While Jonn posted some praise for the VA earlier, I have some news that might not be so praiseworthy:
Is this the right move by a Department of Veterans Affairs that has come under fire recently for the massive backlog of claims, or is it too little, too late?
The Veterans Affairs Department is expediting compensation claims decisions for veterans who have waited one year or longer, VA officials announced April 19.
Effective today, VA claims raters will make provisional decisions on the oldest claims on hand, officials said, which will allow veterans to begin collecting compensation benefits more quickly, if eligible.
Veterans will be able to submit additional evidence for consideration a full year after the provisional rating, before VA issues a final decision.
“Too many veterans wait too long for a decision, and this has never been acceptable,” said VA Secretary Eric K. Shinseki. “That is why we are implementing an aggressive plan to eliminate the backlog in 2015. This initiative is the right thing to do now for veterans who have waited the longest.”
I see this backfiring in a big way.
Here’s my take:
Starting today, the VA will approve claims older than a year at the minimum level for each condition for which there is significant evidence. In order to get the proper rating, the veterans will have to submit more proof that the condition warrants a higher rating – after all, the evidence already in the claim was “reviewed” and a rating was “issued.”
So now, instead of veterans waiting for [mostly] proper ratings, they will get lowered ratings faster, and will have to wait through the appeals process for the ratings they should have gotten in the first place.
Here’s the proof:
If any increase is determined to be warranted based on the additional evidence received, benefits will be retroactive to the date the claim was initially filed. The initiative protects the veteran’s right to appeal the decision. If no further evidence is received within that year, VA’s Veterans Benefits Administration will inform the veteran that the rating is final and will provide information on the standard appeals process.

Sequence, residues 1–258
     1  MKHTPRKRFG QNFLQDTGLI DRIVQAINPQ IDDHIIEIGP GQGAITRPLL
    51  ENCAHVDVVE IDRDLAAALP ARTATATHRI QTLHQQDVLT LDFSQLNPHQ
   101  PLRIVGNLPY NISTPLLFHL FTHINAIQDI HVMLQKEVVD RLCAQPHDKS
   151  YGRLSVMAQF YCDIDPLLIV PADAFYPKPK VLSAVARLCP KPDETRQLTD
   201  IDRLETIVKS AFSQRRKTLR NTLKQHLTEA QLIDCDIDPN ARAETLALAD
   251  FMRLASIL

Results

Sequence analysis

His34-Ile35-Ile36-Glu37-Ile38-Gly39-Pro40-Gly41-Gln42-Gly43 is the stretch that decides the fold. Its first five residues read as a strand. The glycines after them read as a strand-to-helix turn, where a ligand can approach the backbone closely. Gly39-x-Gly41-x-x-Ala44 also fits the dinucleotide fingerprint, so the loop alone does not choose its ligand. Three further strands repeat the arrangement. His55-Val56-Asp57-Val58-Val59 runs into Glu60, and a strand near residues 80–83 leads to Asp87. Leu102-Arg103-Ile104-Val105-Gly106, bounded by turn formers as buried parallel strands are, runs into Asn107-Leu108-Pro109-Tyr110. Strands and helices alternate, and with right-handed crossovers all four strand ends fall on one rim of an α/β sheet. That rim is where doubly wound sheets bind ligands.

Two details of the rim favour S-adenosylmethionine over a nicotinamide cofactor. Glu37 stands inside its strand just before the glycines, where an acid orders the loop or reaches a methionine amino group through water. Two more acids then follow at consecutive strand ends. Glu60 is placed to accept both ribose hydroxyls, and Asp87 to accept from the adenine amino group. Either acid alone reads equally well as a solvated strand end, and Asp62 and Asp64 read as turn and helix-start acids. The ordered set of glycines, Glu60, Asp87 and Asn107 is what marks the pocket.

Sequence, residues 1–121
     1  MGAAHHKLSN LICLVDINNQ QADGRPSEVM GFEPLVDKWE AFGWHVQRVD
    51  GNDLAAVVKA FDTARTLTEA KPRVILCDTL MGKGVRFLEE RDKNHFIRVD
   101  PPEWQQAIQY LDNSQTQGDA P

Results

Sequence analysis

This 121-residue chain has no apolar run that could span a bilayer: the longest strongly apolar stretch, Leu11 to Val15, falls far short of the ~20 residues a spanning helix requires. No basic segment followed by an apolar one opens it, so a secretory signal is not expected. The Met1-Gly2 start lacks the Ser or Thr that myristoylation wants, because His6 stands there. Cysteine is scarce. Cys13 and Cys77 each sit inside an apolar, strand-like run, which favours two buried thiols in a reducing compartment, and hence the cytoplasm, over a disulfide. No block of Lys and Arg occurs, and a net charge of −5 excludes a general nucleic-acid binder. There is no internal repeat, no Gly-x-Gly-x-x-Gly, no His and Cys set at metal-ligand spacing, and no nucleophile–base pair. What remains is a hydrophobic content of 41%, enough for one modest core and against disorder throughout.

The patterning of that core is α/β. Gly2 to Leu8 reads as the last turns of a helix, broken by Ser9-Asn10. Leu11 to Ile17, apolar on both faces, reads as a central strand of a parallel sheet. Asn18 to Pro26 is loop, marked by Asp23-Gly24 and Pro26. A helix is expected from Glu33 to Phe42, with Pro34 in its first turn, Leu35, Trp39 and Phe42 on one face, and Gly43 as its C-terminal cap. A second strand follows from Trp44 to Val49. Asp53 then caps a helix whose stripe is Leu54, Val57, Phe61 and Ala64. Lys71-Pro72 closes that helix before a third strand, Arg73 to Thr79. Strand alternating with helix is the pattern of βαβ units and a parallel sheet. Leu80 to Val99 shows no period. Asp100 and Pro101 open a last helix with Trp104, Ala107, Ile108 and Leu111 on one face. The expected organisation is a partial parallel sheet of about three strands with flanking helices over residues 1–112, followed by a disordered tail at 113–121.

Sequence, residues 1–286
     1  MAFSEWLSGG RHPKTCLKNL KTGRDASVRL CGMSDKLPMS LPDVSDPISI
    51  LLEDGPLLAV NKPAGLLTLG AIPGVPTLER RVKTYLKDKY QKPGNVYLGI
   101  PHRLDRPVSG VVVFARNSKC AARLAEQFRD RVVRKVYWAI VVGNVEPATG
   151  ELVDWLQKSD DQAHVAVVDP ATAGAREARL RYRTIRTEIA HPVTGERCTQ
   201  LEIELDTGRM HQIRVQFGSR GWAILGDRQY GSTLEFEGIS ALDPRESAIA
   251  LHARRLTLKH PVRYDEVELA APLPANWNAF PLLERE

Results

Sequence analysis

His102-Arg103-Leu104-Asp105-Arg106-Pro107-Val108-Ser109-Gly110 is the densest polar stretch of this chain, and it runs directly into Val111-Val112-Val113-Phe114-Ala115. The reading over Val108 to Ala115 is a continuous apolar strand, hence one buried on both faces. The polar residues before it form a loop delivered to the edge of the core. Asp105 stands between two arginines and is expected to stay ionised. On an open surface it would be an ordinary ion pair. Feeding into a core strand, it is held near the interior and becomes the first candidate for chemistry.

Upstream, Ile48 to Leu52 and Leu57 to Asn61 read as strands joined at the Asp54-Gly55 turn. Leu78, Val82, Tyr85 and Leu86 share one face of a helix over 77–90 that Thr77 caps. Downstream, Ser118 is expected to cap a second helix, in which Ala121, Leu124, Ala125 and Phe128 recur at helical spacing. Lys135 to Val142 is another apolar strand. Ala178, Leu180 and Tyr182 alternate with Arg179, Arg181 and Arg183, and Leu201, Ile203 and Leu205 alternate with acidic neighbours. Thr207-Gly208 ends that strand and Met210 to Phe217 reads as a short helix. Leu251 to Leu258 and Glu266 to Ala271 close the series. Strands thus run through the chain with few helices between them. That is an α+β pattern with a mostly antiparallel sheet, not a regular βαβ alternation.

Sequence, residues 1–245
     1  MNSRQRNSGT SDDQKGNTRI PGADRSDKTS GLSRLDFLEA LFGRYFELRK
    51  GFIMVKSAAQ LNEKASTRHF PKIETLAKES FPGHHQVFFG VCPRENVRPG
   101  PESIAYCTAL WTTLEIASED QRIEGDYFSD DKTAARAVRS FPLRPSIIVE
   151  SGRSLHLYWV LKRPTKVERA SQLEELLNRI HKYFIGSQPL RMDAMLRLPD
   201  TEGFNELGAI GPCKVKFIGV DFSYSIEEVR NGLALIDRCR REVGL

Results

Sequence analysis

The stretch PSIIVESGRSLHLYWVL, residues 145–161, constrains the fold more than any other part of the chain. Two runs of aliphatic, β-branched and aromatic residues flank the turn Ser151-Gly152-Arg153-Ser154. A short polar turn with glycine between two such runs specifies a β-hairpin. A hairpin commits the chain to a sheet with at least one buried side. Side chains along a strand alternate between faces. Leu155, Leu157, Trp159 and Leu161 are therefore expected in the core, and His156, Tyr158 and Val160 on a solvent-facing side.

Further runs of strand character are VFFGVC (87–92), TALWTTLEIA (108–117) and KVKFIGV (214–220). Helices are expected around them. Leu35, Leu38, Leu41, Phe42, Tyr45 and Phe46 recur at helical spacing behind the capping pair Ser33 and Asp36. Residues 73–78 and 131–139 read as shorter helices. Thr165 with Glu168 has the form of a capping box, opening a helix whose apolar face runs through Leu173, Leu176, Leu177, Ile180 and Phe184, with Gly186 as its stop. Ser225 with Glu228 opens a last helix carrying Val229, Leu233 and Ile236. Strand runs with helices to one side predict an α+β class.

Additionally, chairman of the House Veterans Affairs Committee Jeff Miller, R-Fla., issued this statement:
“While this new approach sounds promising, we will be monitoring it closely to make sure it’s good policy rather than just good PR. Driving our skepticism is the fact that Sec. Shinseki and VA benefits officials have testified before our committee several times in just the last few weeks, yet the first official notice of this initiative didn’t come until today – minutes before VA issued its press release. Nevertheless, VA has a responsibility to make sure it doesn’t use this program as an excuse for letting average claims processing times continue their steady ascent indefinitely. Furthermore, the department must not shift resources and manpower away from processing new claims just to clear out old ones. Every veteran deserves a thorough, fair and timely evaluation of their claim, regardless of when it was filed. This policy should not interfere with that concept.
“The department’s haphazard rollout of this plan has left us with a number of important questions. So in the coming days and weeks, we expect VA to fully explain to Congress precisely how this program will improve the department’s claims processing efforts and help chip away at the mountain of backlogged benefits claims.”
The VA just put a band-aid on a sucking chest wound – and it’s going to come back to bite them big time.
TSO did point out that the approved claim will allow the veteran to seek medical care while waiting for the proper ratings to come back, rather than just waiting. Still, I think the VA is going to screw this up big time, and veterans still won’t be getting the benefits they’ve earned.
Cross-posted from After the Army.
Category: Veterans' Affairs Department